Slavi Vassilev, a 62-year-old Yagodovo pensioner, says he had to sleep in his apple orchard for two months with a gun and dogs this autumn to guard it against thieves. His wife retired early from her job as a school teacher so that she can sell their apples at a Plovdiv street market. On a good day, sitting in the cold from early morning until after sunset, she sells 100 kilos of apples for about $6. The couple must sell all of their harvest to recover the $2,000 they've already spent on fertilizers, chemicals and petrol.

Vassilev says he will not buy any chemicals next year because he is certain he will lose the investment. In two years time, he says his orchard will be devastated by neglect. And he says he is not an isolated case.

"This is the rule now," he said. "This is why you can see abandoned orchards and fields everywhere you travel in Bulgaria."

Even in towns and villages once considered to be "red fortresses," uneducated residents are becoming conscious of the inequities caused by nomenklatura control of the economy.

In Pervomai, a town of about 50,000 people who had voted solidly for the Socialists in the last parliamentary elections, about 2,000 people marched against the Socialists earlier this month.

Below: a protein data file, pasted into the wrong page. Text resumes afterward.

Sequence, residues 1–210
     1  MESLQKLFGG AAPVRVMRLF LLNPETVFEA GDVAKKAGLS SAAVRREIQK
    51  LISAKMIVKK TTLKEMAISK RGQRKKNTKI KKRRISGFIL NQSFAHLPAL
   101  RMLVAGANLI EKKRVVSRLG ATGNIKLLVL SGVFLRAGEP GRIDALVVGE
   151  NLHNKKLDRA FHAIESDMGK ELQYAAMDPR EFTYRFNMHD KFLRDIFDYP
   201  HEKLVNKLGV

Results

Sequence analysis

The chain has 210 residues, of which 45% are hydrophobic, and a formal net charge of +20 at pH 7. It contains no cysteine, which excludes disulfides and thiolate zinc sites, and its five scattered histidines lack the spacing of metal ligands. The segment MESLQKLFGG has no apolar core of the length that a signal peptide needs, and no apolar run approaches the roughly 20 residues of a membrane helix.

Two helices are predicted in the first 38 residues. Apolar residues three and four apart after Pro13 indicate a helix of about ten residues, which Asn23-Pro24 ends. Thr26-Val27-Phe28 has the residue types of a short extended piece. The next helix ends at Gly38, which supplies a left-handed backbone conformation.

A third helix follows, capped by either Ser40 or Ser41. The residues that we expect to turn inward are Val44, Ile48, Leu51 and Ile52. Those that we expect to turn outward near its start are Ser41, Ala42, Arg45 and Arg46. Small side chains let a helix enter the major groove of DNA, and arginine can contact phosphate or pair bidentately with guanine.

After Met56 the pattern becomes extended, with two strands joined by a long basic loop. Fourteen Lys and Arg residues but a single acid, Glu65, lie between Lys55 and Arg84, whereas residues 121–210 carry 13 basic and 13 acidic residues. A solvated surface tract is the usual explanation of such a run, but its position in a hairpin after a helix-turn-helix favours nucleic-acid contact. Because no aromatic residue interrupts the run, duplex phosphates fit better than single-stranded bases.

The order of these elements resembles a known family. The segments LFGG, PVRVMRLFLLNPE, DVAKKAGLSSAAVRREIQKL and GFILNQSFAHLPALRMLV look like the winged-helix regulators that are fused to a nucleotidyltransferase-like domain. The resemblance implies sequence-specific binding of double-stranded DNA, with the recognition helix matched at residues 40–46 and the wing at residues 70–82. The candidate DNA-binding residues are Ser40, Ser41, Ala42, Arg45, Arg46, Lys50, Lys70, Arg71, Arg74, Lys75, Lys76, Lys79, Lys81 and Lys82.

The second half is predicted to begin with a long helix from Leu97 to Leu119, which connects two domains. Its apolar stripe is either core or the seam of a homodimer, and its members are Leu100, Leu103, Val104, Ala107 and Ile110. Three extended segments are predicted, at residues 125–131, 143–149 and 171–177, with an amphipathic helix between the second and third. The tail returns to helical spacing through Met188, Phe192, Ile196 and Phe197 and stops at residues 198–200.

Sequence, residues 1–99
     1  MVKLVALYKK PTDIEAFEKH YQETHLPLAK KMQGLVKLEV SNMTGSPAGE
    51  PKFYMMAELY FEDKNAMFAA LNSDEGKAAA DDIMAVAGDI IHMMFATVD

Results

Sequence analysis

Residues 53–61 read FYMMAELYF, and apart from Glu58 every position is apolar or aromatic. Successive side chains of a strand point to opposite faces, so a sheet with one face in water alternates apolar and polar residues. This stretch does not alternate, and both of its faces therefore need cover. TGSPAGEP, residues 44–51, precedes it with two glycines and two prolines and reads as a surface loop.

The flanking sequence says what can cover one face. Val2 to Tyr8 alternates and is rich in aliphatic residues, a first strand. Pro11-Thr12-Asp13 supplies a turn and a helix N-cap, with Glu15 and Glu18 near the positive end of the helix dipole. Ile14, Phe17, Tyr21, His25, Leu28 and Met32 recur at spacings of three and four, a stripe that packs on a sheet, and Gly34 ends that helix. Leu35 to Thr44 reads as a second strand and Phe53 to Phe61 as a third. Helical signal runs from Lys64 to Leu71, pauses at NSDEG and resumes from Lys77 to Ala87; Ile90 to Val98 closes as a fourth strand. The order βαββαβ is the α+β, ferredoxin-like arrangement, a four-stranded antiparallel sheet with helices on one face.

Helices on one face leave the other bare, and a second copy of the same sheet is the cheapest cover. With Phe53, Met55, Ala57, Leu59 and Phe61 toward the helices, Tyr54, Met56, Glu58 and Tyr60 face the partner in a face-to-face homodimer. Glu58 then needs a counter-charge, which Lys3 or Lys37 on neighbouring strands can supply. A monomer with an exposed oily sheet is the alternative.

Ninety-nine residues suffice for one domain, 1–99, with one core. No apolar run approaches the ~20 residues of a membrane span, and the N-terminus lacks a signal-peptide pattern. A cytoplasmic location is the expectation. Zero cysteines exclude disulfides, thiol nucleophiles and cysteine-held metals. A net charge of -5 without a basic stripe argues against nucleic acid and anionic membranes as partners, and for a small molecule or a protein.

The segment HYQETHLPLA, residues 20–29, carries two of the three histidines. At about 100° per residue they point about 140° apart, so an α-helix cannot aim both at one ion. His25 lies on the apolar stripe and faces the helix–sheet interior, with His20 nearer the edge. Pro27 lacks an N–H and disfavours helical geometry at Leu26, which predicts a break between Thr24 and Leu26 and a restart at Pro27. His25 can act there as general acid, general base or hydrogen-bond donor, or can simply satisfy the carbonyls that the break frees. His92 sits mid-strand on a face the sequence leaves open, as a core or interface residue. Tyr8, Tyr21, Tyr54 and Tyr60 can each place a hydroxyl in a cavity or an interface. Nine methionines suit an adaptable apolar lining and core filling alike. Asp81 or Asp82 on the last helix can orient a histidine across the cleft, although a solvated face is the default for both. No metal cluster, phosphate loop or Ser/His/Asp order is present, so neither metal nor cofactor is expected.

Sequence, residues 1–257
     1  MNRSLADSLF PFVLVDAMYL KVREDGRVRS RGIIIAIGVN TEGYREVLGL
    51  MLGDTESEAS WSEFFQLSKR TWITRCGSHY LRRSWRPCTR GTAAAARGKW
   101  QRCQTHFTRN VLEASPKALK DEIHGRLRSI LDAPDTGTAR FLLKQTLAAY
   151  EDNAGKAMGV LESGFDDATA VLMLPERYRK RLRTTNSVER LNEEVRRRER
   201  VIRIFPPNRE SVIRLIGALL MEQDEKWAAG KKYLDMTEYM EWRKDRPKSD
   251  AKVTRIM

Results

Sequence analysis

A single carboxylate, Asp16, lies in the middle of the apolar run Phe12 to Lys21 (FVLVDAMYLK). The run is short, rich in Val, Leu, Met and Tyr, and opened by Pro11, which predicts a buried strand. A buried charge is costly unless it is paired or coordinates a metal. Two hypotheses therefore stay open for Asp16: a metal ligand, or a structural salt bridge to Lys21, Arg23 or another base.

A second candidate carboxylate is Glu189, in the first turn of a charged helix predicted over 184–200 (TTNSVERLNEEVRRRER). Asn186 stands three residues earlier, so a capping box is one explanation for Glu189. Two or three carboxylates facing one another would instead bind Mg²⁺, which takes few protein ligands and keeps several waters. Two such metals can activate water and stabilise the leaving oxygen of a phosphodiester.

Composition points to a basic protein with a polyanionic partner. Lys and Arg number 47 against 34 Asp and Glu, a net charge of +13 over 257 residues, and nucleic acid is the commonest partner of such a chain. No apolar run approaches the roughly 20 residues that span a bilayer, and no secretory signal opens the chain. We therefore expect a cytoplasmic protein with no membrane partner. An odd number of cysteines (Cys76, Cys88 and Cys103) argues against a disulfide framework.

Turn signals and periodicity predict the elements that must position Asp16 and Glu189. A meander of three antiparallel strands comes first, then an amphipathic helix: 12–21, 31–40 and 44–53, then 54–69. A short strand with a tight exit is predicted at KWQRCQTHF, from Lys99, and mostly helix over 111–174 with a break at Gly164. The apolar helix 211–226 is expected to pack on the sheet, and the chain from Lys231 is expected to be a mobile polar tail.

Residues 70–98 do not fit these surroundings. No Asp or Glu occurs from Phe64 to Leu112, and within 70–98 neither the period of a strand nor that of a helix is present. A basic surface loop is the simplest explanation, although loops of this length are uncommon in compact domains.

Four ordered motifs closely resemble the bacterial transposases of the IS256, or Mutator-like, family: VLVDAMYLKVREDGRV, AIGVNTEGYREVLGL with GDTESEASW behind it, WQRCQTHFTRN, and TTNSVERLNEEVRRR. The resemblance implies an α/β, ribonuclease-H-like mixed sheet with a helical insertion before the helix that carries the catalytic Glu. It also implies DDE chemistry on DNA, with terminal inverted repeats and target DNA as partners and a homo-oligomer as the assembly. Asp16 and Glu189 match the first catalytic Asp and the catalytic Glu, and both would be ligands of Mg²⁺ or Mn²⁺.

In nearby Haskovo and Svilengrad, protests and candlelight vigils also have been held, despite the fact that participants expect to be fired from their state jobs for marching. Many who live in this southeastern region have raised silk worms for years as a supplement to their state incomes. But the practice is no longer economically rewarding because of hyper-inflation and the monopolies of the partially-privatized silk purchasing firms.

Veska Petrova, a resident of Svilengrad whose family recently stopped producing silk in their home, says that the only substantial profits from silk production now go to the middlemen with Socialist Party connections.

Grain farmers across the country also complain about private firms in the Orion Group who were allowed by outgoing Prime Minster Zhan Videnov to export the country's grain reserves for private profits. Videnov later blamed farmers for Bulgaria's bread shortages.

A popular satirical program on Bulgarian National Television aired a comedy sketch which summarizes many Bulgarians' attitude about the grain shortage. First, two workers are shown loading a barge with grain for export to Serbia. One man becomes distressed when his hat falls into the cargo and becomes buried.

Several months later, after the Bulgarian government was forced to buy grain from Belgrade at more expensive prices in order to alleviate bread shortages, the same two workers are seen unloading a grain barge from Serbia -- and the hatless worker finds his cap in the cargo.

Under pressure from the Socialist government, Bulgarian National Television later banned the comedy program from the airwaves. Its cast has since joined the street demonstrations in Sofia against the Socialists.